Five of the assassins were tried and hanged the following year, while several others were sentenced to long prison terms, Encyclopedia Britannica says.
Sir Henry Wilson, Ulster Unionist (1864-1922)
Field Marshal Sir Henry Wilson, a decorated soldier and MP for North Down in Northern Ireland, was assassinated on the steps of his home in London on 22 June 1922.
Two London-based members of the Irish Republican Army, Reginald Dunne and Joseph O’Sullivan, were apprehended at the scene and later hanged, but no chain of command has ever been established, and the orchestrator of the assassination has never been determined.
Wilson had been staunchly anti-Republican, and his assassination “led directly to the civil war in Ireland”, according to The Irish Times.
Airey Neave, Conservative (1916-1979)
Just weeks before an election that would see his party leader Margaret Thatcher take power, then shadow secretary of state for Northern Ireland Airey Neave was fatally wounded by an Irish National Liberation Army bomb as he left a House of Commons car park on 30 March 1979.
Neave, who had been the first British officer to escape from Colditz during the Second World War, was a close ally and friend of Thatcher, who was said to have been “numb with shock” upon hearing of his death. He had served as the Conservative MP for Abingdon since 1953.
Reverend Robert Bradford, Ulster Unionist (1941-1981)
Just two years after the death of Neave, Irish republican militants orchestrated the shooting of Belfast South MP Robert Bradford.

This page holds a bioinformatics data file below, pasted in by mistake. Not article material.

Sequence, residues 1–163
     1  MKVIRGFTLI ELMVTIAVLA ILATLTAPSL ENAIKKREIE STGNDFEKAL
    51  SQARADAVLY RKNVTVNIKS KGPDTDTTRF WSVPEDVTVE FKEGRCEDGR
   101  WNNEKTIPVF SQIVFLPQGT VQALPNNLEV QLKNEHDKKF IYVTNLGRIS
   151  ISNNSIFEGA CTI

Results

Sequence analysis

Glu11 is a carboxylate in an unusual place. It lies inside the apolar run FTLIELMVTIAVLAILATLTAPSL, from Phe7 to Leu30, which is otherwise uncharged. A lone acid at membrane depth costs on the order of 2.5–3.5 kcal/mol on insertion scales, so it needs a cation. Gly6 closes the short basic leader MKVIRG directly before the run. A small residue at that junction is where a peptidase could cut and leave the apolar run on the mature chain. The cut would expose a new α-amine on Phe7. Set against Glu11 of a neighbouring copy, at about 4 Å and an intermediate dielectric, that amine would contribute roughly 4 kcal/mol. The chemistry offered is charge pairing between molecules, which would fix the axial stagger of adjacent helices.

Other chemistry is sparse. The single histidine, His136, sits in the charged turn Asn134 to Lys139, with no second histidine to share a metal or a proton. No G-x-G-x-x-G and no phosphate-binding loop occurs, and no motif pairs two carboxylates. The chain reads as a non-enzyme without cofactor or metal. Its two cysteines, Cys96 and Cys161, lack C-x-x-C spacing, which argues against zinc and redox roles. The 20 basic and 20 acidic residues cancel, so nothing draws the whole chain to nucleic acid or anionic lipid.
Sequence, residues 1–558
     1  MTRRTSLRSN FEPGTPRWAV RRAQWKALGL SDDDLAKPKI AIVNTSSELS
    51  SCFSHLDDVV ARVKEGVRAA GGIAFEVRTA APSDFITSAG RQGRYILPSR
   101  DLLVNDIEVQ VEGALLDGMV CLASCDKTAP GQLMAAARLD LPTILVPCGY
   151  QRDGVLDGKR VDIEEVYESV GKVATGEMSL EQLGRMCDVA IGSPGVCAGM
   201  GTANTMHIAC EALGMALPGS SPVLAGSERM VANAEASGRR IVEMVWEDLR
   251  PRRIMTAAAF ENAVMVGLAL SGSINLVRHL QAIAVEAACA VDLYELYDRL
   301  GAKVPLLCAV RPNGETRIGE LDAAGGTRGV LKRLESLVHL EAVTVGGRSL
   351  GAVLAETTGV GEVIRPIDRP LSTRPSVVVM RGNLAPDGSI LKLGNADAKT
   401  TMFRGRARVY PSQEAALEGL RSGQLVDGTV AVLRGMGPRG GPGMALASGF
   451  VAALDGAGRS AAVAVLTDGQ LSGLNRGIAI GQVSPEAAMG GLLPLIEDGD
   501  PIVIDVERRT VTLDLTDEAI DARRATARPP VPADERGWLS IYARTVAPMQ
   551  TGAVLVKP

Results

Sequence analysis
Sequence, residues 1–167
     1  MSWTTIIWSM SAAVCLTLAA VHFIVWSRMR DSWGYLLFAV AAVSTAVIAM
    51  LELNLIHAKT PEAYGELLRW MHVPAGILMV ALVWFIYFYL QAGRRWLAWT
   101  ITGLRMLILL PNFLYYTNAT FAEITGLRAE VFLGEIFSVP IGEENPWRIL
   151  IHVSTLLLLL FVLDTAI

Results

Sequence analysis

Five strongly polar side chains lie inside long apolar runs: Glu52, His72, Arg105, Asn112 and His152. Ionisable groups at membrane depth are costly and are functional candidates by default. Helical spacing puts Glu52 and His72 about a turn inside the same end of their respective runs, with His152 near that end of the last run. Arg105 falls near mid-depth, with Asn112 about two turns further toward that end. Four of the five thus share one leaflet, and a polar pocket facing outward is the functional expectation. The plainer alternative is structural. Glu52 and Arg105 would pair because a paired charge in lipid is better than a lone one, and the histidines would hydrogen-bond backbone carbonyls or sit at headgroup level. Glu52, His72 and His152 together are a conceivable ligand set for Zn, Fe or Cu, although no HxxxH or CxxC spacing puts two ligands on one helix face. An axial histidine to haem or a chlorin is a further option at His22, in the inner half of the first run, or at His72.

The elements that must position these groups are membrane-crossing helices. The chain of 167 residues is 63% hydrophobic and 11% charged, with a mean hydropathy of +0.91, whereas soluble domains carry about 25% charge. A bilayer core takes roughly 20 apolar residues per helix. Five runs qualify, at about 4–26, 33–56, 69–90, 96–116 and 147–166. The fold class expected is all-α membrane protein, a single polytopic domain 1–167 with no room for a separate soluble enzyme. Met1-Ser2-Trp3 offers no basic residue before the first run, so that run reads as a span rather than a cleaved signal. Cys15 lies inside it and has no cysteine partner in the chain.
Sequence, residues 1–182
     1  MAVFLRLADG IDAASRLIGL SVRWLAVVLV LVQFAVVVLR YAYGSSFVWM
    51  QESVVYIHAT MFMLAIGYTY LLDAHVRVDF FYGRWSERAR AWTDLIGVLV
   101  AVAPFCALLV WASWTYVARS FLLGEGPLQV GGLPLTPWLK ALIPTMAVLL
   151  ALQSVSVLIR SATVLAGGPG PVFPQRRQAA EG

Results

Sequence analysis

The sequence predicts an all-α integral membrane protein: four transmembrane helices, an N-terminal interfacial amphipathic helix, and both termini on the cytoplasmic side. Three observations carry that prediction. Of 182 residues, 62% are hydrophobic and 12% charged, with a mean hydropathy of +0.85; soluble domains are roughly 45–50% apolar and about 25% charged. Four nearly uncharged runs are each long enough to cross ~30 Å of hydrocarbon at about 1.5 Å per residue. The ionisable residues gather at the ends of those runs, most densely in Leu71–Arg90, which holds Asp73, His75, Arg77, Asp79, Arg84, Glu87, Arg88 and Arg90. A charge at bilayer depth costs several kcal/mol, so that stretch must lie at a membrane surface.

In a statement claiming responsibility for the attack, the IRA alleged that Bradford had been “one of the key people responsible for winding up the loyalist paramilitary sectarian machine”. As The New York Times reported at the time, Bradford “was an outspoken critic of the Irish nationalist guerrillas” and had “repeatedly called for the reimposition of capital punishment in the province and for other strong deterrent measures”.
Sir Anthony Berry, Conservative (1925-1984)
Enfield Southgate MP Anthony Berry, who served as deputy chief whip under Thatcher, was killed on 12 October 1984 in the IRA’s bombing of the Grand Hotel in Brighton, where the PM and her cabinet were staying during the Conservative Party conference.
The bomb, planted by IRA member Patrick McGee, killed four other people, and left Norman Tebbit’s wife paralysed. McGee was given eight life sentences by the British courts but was released in 1999 under the terms of the Good Friday Agreement.
Ian Gow, Conservative (1937-1990)
At the tail end of the Thatcher era, tensions between the UK and Ireland escalated once again following the assassination by the IRA of Ian Gow, the Conservative MP for Eastbourne since 1974. He was killed by a car bomb as he reversed out of his driveway at his home in East Sussex on 30 July 1990.
Following his death, The Chicago Tribune reported that Gow had been widely known for his “outspoken scorn for the Irish Republican Army” and had also frequently failed to follow recommended security protocol. “He was one of but a handful of MPs who allow their addresses to be published” and, against the advice of security officials, had held “regular weekend schedule of public meetings with his constituents and services at the village church”, the newspaper said.